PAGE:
Third Reich

When the National Socialist regime came to power in 1933, and the start of World War II in 1939, Siemens along with many German companies were integrated into the military preparations and the new war economy. This meant that Siemens had much larger production quotas to fill for the German war effort, and to keep up with demand Siemens built many barracks plants that housed a large amount of workers. One of the efforts of the National Socialist was to combat that large number of unemployed workers, and with many of the men going to fight, brought in many foreign laborers as well as employing a much higher amount of women into the work force. Many of the initial laborers worked in manufacturing on their own free will, but as the war dragged on people were starting to be forced into labor. by 1941 much of the German economy was forced labor, ranging from manufacturing to agriculture.


Many innovations occurred during the war effort from Siemens, one of the biggest changes in the company was in electrical medicine. The mobile x-ray unit was developed to allow doctors to be able to diagnose injured civilians and soldiers in any range of locations as opposed to the conventional means of going to a hospital. Siemens also created a new electron accelerator that was used primarily to treat cancer. Another invention that was being worked on during the war would be the pacemaker for people with severe cardiac arrhythmia.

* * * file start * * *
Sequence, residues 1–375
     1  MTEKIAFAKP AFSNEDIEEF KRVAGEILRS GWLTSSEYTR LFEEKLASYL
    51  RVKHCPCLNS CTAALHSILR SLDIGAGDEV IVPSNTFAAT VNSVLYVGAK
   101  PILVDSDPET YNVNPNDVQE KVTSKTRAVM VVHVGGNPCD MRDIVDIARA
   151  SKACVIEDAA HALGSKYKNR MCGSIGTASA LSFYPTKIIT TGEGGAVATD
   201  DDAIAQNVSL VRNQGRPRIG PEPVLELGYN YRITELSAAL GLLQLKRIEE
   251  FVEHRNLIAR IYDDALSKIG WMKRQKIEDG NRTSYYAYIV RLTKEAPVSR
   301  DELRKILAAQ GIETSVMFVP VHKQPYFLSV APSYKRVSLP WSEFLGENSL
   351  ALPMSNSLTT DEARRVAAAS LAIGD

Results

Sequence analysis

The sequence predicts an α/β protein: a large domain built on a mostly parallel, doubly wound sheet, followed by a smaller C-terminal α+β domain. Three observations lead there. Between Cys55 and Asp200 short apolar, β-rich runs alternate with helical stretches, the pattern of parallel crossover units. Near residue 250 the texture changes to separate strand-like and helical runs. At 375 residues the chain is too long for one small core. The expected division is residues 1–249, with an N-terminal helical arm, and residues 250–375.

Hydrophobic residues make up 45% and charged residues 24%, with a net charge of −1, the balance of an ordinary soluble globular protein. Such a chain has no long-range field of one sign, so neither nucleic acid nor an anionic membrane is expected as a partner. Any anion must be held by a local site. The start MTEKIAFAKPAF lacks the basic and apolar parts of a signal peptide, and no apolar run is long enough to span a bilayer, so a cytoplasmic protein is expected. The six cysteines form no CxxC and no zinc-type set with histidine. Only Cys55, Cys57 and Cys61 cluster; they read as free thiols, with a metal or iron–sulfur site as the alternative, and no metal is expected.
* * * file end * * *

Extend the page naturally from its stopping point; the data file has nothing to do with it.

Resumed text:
End of the War

By the end of WWII and the collapse of the National Socialist party, many of the industry buildings were heavily damaged and in ruins due to air raids on Germany. Along with damaged property, all materials of Siemens and other German companies are confiscated, and all patents and trademarks are rescinded. The total loss of Siemens reach 2.58 billion euros which amounted to 4/5ths of the companies totals assets. This lead to a very grim future for Siemens and possible the end of the company. To allow for the companies survival much of the Siemens managerial staff are moved to south and west Germany and began to independently reconstruct. This divide and conquer tactic allowed for many sectors of the company to remain in functioning condition and eventually they separate companies were able to merge back together once times had settled down.

ger/101/2011/fall/during_wwii.txt · Last modified: 2011/10/25 23:24 by zmjohnson
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